“That’s a long way off,” she said of a possible Supreme Court argument. “I think it interests every attorney. But every case is different, and you have to weigh what you think is best for your client, and sometimes it’s not your arguing. You can never let your ego get in the way of your client’s needs.”

Newman said her past careers as a speech pathologist and English teacher and her experience as a mother have helped her be a better lawyer because she is a trained listener. She graduated from New York Law School cum laude in 1986 and was the recipient of the Federal Litigation Award. She also holds a Master’s of Science in education from Brooklyn College of the City University of New York.

Newman intended to build a practice in medical malpractice to capitalize on her medical background. But during law school, she realized criminal law would be more interesting.

After clerking for several judges and working at a small firm, Newman started her own practice in 1991 and maintains offices in New York and New Jersey. She said starting her own firm made sense because she needed a flexible schedule while raising her children.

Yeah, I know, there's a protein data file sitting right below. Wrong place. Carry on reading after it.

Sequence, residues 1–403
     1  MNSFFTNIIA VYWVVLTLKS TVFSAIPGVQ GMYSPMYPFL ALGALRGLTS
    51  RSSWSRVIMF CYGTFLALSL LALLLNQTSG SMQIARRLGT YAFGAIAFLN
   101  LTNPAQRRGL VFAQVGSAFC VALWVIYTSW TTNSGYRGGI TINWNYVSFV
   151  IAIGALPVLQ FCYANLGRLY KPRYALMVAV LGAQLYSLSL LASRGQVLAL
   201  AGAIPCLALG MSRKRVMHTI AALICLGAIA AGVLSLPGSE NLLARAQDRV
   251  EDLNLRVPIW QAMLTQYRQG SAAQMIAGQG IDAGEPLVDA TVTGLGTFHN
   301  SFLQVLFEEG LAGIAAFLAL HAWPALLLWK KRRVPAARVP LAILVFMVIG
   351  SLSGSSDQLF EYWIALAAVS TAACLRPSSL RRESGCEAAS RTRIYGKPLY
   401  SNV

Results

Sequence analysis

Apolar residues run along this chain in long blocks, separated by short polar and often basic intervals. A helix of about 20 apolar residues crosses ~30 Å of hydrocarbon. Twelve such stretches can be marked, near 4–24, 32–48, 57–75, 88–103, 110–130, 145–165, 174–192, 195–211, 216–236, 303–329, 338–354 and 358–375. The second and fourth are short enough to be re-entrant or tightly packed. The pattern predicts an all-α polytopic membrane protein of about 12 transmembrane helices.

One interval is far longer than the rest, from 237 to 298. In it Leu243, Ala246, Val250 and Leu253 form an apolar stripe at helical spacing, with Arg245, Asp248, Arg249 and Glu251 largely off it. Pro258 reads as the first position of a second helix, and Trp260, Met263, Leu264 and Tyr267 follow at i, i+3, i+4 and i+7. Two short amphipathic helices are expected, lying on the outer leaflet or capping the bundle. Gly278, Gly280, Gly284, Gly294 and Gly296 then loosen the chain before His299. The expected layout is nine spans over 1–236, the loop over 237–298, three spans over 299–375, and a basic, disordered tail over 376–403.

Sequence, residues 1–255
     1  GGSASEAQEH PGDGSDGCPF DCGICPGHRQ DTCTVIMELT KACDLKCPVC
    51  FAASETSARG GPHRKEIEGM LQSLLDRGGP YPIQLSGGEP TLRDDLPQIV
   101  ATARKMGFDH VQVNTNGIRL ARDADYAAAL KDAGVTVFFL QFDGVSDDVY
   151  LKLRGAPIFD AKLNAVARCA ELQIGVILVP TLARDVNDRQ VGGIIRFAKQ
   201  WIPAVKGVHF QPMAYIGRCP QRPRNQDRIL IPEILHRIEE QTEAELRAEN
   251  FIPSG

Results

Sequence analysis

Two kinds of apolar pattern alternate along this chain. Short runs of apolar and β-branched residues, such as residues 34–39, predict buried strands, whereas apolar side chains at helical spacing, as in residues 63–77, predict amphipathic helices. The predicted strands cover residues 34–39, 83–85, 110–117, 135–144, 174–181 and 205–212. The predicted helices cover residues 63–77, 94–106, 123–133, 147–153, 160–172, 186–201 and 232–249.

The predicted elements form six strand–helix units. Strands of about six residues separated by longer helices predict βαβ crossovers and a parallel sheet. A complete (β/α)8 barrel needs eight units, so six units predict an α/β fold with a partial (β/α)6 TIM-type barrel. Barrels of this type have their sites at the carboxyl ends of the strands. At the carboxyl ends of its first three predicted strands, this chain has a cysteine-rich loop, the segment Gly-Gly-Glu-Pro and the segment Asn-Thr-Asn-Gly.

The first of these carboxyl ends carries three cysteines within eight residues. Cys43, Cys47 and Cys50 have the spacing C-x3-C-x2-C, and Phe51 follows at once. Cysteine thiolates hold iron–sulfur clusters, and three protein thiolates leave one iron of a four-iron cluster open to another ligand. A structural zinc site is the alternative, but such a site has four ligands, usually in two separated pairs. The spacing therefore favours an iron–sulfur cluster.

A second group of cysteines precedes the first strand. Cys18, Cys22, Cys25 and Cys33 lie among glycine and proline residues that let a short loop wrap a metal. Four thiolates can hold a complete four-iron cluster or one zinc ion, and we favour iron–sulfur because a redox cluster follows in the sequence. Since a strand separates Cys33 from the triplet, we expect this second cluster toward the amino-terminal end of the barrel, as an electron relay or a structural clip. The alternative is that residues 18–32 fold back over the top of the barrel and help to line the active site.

“There is a path that you step on each day, and you may not know where it’s going to lead you. And I say, ‘Let go. See where it goes,’” she said. “Be open to it. Because if you take life and you bite into it, you get so much from keeping your eyes open and [being] willing to try new things.”

The daughter of a Romanian immigrant, Newman said her father taught her to appreciate the freedom and rights she had as an American.

“I’m very patriotic,” she said. “I want my children and my grandchildren to have the rights that I have. My father so appreciated it. People who were born here sometimes don’t understand how important freedom is. And through my father, who was one of the most brilliant people I have ever known, I appreciate that freedom.”

Newman says there is no reason to give up civil liberties in order to feel safe from terror. And she rejects assertions that people fighting for civil liberties are not patriotic.

“When Mr. Padilla was taken by an executive order for what I knew to be and has come out to be—simply to interrogate him, it reminded me of the Spanish Inquisition,” she said.

published January 23, 2006

( 70 votes, average: 4.9 out of 5)
What do you think about this article? Rate it using the stars above and let us know what you think in the comments below.